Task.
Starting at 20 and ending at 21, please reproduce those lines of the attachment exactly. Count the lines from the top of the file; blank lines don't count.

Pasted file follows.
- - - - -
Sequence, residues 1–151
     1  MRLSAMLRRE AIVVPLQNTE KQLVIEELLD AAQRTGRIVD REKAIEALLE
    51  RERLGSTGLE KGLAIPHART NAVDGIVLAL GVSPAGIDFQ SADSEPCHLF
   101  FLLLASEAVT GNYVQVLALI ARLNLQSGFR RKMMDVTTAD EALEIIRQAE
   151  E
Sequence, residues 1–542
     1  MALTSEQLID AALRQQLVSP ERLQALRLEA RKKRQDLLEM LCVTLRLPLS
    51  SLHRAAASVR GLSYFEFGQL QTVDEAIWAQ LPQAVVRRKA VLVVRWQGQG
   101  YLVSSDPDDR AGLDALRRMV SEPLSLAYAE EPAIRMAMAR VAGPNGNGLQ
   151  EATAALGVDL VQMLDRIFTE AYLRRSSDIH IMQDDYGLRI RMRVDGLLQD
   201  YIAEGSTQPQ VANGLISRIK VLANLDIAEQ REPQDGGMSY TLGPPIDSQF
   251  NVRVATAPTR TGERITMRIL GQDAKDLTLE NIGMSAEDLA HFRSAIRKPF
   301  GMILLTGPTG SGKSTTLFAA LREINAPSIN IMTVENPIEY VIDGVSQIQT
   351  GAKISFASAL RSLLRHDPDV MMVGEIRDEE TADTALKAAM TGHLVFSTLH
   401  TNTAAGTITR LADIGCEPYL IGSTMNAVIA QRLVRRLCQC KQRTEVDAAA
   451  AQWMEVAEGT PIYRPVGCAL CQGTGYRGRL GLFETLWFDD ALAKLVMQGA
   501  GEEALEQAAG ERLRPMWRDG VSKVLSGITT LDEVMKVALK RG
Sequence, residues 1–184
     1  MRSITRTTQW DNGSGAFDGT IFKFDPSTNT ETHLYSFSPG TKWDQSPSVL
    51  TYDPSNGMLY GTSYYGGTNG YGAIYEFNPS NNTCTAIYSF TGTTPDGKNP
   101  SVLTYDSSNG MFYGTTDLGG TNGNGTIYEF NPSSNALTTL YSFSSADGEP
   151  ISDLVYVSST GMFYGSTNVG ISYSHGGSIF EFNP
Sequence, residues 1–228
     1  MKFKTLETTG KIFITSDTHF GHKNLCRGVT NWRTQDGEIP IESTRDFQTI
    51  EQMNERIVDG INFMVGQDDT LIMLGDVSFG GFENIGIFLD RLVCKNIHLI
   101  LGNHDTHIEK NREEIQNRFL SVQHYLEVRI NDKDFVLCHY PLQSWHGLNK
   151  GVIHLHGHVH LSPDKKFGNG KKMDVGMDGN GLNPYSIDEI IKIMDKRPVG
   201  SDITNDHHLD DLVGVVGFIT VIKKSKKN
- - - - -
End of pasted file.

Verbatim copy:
    51  TYDPSNGMLY GTSYYGGTNG YGAIYEFNPS NNTCTAIYSF TGTTPDGKNP
   101  SVLTYDSSNG MFYGTTDLGG TNGNGTIYEF NPSSNALTTL YSFSSADGEP